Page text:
By Azizan (Student Blogger: BSc Hons Mathematics, Operational Research, Statistics and Economics)

After a long period of lockdown full of restrictive measures, most of us are excited to finally have in-person classes and activities as we enter the new 2021/22 Academic Year. Other than your classes, you might be inclined to join some of the societies and public events scheduled over the academic year. This is a great time to finally reconnect and make new connections within the University’s population. However as more and more activities are being introduced each day, it is normal for us to struggle to balance our limited time given the various attractive activities being offered, on top of our classes and given assignments/coursework. Here are some tips that might be useful in structuring your academic life.

Make full use of a Calendar/Planner

Most of us find the Timetable feature on the iLancaster App to be convenient as it allows us to check when our classes are and where the venue is. Consider using your phone’s inbuilt calendar/planner App to write down all your leisure/meetings/meet-up/social plans along with their time and venue. Some Apps allow you to synchronise all your calendars, allowing you to have a better overview of your classes and your recreational plans through a ‘centralised’ calendar. Through this way, you will be able to plan out your day more efficiently and, hopefully, you won’t miss out on your classes or meet-ups!

Break your day into ‘time blocs’

Once in a while, it is tempting for us to overwork ourselves until late at night. This however restricts us from enjoying our leisure time, which can affect our productivity and performance in the near future if done repeatedly. Consider dividing your days into time blocs, let say 8.05 – 8.30 am, 9.35 – 11 am and so on. For each time bloc, assign it to categories: academic, leisure, personal, etc. By doing so, you have set up a boundary for what and when you will be doing your work or when is your rest. It is also a good way to track whether you’re meeting your personal needs or not.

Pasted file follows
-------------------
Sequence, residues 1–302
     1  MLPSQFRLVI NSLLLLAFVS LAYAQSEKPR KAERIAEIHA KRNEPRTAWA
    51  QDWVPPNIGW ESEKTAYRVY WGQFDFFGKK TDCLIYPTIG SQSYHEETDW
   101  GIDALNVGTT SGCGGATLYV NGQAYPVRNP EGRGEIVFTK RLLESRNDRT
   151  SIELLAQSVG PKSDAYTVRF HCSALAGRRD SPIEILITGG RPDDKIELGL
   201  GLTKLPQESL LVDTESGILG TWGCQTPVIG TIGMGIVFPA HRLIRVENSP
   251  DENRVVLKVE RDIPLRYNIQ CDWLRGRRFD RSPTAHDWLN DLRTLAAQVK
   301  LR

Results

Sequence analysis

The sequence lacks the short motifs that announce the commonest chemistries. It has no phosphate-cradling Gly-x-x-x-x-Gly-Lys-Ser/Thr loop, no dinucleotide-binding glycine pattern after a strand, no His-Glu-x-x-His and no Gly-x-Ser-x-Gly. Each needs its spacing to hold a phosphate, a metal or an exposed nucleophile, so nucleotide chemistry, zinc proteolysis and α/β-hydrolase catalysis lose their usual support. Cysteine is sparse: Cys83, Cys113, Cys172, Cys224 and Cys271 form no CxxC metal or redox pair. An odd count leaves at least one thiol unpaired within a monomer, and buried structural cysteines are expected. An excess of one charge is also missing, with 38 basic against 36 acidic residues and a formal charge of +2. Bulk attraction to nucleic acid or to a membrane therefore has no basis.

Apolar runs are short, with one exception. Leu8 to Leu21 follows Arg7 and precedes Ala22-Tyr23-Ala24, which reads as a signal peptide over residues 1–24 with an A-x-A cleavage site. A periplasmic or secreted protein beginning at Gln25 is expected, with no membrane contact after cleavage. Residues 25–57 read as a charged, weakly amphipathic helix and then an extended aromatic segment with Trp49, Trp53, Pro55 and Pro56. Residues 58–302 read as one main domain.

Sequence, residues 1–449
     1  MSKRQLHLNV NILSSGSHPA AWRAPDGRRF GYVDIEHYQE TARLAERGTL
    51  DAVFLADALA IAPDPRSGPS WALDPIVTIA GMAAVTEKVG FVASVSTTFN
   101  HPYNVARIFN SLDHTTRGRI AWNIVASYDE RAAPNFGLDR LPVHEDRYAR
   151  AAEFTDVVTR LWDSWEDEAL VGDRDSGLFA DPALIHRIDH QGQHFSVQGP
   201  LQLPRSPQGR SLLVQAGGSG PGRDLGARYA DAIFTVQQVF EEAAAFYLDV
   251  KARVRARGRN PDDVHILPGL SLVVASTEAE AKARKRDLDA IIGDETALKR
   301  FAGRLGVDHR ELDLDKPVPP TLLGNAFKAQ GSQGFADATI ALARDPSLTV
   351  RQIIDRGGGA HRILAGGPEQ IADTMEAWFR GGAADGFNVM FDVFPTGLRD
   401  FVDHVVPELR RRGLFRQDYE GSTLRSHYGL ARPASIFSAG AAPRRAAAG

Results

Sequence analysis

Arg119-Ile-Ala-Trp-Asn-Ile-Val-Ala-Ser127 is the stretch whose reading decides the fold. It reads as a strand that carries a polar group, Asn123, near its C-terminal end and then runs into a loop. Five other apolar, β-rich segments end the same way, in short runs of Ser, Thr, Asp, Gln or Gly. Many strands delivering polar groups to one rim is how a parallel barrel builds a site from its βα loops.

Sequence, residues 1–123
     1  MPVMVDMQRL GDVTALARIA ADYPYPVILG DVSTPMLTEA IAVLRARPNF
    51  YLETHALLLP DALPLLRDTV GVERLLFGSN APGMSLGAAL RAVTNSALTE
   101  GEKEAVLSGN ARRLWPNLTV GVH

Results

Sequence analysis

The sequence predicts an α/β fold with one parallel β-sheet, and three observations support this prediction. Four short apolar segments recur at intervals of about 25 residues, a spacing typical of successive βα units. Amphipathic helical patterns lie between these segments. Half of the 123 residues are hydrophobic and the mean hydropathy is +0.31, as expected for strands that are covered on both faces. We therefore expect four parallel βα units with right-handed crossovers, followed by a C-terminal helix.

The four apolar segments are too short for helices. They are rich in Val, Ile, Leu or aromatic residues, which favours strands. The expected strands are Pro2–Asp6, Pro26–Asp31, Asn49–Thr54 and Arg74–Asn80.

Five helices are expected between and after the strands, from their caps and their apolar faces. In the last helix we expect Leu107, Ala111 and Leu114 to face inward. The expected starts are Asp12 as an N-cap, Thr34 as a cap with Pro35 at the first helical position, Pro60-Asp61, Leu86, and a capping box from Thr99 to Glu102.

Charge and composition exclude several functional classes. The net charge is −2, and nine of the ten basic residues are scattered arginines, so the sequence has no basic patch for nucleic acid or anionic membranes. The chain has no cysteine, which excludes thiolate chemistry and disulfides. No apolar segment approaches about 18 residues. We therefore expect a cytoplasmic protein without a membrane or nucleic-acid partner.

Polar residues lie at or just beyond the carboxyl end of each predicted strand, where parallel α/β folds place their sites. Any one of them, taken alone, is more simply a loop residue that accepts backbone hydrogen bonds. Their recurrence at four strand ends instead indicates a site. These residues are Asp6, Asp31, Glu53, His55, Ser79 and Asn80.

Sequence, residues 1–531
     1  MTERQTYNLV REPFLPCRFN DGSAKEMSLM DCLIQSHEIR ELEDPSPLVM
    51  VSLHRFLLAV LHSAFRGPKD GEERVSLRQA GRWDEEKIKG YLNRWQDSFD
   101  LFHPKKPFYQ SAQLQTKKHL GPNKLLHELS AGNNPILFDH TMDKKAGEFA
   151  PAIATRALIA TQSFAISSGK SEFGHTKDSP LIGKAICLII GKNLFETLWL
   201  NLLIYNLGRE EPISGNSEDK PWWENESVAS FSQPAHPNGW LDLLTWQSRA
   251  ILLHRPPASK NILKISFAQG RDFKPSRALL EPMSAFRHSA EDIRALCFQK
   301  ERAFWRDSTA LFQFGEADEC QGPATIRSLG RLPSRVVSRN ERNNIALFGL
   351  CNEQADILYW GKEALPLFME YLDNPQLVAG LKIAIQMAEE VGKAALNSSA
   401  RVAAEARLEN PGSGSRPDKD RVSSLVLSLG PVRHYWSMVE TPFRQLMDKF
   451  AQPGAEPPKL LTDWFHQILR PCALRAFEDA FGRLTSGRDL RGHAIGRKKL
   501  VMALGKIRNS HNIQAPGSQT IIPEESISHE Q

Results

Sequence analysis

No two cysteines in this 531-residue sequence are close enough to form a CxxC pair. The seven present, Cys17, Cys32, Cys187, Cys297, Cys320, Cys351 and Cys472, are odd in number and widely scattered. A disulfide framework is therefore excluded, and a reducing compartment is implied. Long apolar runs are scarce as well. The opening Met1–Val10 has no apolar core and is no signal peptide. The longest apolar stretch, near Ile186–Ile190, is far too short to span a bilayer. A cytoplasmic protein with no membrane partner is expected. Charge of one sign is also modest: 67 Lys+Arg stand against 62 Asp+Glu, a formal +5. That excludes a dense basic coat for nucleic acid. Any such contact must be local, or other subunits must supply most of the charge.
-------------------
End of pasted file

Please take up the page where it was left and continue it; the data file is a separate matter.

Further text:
Focus only on a Main Task each day

Many times, when we have too many works assigned to us, we tend to try to complete them all at once by multitasking. However, this is not a good practice, as our concentration is not at its optimum as our mind struggles to divide between the various tasks. By setting a main task at one time and sticking to it, you’re more likely to be productive and able to contribute considerable progress rather than splitting it into small progress for various tasks. In a sense, it will help to complete your task much quicker compared to the alternative.

Stay Grounded

As days progress, we tend to lose touch with time and reality – we’re so ‘invested’ in our work/responsibilities that we fail to notice what’s happening around us. It is important for us to step back once in a while and be present in the moment to appreciate the blessings surrounding us. This helps to prevent us from overstretching on our work beyond our allocated time, allowing us to rest and recover both physically and mentally. A good way to stay grounded is to utilise all of our 5 senses – touch, sight, smell, hearing and taste. This will have a positive impact on your wellbeing.